Starring Nastassja Kinski, Malcolm McDowell, John Heard
Scott’s Review #1,275
Reviewed July 10, 2022
Cat People (1982) is a mysterious and psychological trip into the strange universe of humans possessing cat qualities, sometimes with a tendency towards vicious limb extraction and other such mauling techniques.
It’s an absurd premise though admittedly clever with an identity all its own. Feeling slightly dated mostly due to the early 1980s synthesizer-like musical score, film style, and the casting of some actors at the top of their game then, Cat People is nonetheless enjoyable and sexual.
Especially recommended is a late Friday or Saturday night viewing with as little light as possible for the best ambiance.
Since our rented DVD copy was ravaged by poor visual quality and hard-to-hear sound, a thought is to simply buy the film.
The 1982 version of Cat People is directed by Paul Schrader who is best known for writing or co-writing Scorcese greats Taxi Driver (1976) and Raging Bull (1980). The director also has his share of his films as recent as 2021.
His production is a remake of one made some forty years earlier which I have not seen.
The mood of Cat People is an overwhelmingly sensual and violent horror and thriller tale. The action immediately gets off to a sexually perverse start when during presumably prehistoric days, a wild black panther impregnates a young girl offered to him via sacrifice.
The message is clear that this results in a weird human/cat hybrid being coming into existence.
In present times, Irena Gallier (Nastassia Kinski) harbors a dark family secret that she despises. She reconnects with her estranged brother, Paul (Malcolm McDowell) who shape-shifts into a savage beast. He lives in the southern city of New Orleans and has spent time in a mental hospital.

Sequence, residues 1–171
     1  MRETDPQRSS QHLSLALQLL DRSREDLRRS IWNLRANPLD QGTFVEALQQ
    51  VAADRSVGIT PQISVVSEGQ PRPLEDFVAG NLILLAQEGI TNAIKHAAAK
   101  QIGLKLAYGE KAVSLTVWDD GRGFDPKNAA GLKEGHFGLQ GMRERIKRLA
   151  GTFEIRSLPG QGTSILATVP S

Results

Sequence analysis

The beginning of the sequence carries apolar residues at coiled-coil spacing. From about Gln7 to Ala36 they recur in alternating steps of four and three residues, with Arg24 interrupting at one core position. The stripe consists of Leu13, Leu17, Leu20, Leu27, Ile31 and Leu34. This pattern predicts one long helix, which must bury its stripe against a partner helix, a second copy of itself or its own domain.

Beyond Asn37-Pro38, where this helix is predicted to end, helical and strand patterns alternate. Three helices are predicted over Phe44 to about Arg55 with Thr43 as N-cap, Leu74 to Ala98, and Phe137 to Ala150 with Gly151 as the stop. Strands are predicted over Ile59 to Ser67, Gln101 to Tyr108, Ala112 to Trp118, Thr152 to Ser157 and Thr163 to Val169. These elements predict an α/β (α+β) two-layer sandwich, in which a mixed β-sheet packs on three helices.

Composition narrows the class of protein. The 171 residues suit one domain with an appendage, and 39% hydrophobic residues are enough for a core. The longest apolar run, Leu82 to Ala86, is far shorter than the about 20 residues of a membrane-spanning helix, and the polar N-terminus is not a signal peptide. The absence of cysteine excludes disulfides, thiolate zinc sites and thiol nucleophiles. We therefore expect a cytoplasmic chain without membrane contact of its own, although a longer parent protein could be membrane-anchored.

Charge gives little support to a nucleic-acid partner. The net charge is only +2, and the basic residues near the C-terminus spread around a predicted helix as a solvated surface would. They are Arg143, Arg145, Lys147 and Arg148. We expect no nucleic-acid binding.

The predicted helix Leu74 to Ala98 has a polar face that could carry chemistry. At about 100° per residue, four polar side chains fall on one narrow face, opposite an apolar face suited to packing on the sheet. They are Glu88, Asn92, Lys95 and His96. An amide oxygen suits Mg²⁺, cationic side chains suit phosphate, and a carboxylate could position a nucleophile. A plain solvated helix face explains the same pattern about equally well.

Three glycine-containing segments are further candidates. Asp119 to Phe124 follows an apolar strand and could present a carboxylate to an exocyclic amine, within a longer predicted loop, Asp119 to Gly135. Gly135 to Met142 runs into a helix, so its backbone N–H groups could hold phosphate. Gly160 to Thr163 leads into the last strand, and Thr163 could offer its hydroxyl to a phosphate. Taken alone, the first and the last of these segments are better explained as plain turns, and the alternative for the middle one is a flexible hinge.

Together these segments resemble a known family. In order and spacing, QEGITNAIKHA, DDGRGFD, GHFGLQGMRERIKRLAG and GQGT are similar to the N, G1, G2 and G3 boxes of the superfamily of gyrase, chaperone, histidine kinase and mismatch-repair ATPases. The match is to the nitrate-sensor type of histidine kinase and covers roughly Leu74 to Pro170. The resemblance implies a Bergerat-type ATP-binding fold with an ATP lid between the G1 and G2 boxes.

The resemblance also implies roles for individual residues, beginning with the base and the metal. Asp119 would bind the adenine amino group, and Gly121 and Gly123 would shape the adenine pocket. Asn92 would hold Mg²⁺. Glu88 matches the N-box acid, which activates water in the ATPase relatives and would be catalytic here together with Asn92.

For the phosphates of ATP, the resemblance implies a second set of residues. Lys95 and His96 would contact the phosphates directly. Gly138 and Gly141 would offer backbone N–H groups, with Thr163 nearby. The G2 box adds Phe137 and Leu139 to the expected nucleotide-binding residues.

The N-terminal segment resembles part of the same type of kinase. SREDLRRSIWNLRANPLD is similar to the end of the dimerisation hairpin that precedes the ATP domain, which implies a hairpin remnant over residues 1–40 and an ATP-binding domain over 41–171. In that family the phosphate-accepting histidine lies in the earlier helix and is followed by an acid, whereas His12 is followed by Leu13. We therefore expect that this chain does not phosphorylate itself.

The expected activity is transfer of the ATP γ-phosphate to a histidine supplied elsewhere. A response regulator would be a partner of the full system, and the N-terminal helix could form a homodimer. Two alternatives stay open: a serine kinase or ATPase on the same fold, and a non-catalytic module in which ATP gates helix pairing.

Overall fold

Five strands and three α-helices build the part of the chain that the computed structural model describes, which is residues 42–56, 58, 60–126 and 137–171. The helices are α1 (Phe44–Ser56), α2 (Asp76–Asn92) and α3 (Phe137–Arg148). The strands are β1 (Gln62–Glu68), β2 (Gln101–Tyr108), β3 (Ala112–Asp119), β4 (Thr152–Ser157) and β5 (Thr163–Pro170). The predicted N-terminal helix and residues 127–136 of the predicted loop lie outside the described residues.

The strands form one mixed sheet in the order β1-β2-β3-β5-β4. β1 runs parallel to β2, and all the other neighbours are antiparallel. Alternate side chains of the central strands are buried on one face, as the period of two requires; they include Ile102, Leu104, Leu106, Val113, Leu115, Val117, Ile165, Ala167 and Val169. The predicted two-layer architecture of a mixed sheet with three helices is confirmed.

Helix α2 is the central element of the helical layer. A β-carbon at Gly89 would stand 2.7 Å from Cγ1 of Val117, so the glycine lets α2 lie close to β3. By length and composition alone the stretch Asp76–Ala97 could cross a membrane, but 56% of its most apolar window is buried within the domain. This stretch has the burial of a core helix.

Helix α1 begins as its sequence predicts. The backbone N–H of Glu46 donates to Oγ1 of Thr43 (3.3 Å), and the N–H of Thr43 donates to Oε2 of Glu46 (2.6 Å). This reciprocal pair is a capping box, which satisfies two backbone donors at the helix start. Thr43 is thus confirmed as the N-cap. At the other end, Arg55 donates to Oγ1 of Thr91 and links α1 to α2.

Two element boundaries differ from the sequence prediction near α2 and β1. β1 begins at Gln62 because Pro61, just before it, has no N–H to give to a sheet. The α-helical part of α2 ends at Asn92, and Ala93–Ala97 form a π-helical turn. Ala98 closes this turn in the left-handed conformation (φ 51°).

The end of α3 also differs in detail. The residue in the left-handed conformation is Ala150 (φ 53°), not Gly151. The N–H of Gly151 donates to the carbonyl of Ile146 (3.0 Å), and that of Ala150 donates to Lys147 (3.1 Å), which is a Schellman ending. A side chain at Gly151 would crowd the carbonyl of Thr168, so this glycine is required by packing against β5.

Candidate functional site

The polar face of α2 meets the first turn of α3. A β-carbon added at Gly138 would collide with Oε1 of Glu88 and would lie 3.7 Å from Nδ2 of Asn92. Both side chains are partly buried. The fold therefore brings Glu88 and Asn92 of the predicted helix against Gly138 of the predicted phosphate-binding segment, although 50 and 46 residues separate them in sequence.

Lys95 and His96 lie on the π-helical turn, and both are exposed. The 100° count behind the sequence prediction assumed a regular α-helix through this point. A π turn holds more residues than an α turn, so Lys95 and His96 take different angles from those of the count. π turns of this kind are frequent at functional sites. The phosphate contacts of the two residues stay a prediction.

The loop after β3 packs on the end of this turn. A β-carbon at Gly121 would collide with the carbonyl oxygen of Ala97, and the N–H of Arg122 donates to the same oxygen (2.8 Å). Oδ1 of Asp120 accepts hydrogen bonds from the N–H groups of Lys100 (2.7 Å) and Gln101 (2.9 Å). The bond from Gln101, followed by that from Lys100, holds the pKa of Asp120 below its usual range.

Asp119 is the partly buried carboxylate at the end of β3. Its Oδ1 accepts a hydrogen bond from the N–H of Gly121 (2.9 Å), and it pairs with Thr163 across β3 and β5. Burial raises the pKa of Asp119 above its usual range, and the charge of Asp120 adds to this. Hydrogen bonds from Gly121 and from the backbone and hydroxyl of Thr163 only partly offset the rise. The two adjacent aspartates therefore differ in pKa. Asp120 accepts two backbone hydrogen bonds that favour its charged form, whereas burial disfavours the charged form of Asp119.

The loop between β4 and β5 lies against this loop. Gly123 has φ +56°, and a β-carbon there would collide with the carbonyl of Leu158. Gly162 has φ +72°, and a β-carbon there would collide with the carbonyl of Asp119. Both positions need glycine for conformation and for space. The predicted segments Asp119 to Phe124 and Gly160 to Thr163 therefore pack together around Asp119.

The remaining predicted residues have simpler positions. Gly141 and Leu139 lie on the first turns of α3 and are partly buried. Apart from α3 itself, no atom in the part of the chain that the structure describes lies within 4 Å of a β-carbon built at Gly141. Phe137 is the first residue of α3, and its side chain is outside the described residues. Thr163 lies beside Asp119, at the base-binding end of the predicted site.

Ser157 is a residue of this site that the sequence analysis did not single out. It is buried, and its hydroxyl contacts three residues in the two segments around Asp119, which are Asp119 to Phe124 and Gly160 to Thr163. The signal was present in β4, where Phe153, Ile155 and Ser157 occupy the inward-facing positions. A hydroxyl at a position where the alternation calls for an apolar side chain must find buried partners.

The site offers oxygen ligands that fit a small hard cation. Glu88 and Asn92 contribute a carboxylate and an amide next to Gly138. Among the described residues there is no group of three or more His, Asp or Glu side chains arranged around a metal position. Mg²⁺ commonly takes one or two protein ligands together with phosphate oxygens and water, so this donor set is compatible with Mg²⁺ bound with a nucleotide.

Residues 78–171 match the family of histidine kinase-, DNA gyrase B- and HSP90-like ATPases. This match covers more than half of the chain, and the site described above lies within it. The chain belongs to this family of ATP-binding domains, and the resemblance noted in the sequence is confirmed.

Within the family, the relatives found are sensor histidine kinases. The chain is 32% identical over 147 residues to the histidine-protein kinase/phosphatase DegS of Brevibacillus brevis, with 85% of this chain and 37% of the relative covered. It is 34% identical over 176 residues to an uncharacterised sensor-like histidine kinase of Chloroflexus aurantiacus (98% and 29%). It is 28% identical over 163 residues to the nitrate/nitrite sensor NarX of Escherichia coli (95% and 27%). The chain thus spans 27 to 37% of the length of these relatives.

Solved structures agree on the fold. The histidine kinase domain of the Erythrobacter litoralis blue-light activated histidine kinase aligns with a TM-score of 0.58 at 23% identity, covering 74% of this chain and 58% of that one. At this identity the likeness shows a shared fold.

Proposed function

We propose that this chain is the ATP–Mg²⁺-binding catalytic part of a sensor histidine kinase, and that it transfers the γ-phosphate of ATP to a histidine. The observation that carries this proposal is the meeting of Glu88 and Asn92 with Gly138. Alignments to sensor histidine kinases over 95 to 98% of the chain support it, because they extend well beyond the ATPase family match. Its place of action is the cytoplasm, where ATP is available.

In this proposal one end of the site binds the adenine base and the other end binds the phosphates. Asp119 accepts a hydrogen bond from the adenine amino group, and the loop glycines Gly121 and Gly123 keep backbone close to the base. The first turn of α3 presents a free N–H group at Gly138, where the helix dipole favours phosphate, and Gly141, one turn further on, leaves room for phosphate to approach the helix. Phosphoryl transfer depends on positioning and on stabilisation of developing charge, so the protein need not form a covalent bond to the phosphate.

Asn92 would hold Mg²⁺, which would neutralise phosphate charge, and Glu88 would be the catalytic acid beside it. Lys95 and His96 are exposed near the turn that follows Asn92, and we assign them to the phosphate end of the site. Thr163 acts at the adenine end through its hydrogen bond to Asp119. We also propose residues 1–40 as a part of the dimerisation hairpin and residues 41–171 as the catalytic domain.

Irena visits the local zoo and finds herself attracted to handsome zoologist Oliver Yates (John Heard), even as her brother makes his incestuous advances toward her. Inevitably, the family curse rears its ugly head when Paul rips the arm off one of the zoo workers played by a young Ed Begley Jr.
I like tremendously how Schrader incorporates New Orleans as the central setting. Having nothing really to do with the story the French-influenced city is nice to look at as restaurant scenes feature Creole style and other southern/European sophisticated little gems.
Ruby Dee is cast as a wacky housekeeper named Female rippling with New Orleans flair and who is aware of the terrible family secret.
Nastassja Kinski is perfectly cast as the provocative and sultry main character and she effortlessly leads the charge. Others like Heard and Annette O’Toole who were A-list stars in the early 1980s provide a time capsule of Hollywood relevancy.
Unfortunately, this also makes Cat People feel like from another time and the 1980s film style is painfully obvious.
The growling and vicious cats feel both scary and fake during close-ups but imagine the trickery of using real-life leopards? The filmmakers did the best they could and this is also obvious.
Some sequences are quite grisly and when they aren’t there are best-remembered scenes of peril and intrigue. O’Toole’s character of Alice (another zoologist) takes a late-night dip in a swimming pool and is harassed by a menacing Irena.
Earlier, a great scene occurs when a prostitute named Ruthie visits her client in a dingy motel room only to realize that her john is a mean leopard. We assume she will be ripped to shreds but this dubious honor is saved for another slutty character who Paul picks up at a funeral.
An attempted triangle between Irena, Oliver, and Alice goes nowhere and bewildering is why the decision was made to even try. The power couple is Irena and Oliver as their smoldering love scenes are sensual and skin heavy professing almost immediate love for each other.
With enough explicit sex and gratuitous violence to keep many viewers titillated, Cat People (1982) has positives and negatives. When it was released I bet it was a pot boil of juicy and relevant intrigue, but the film hasn’t held up quite as well as some others.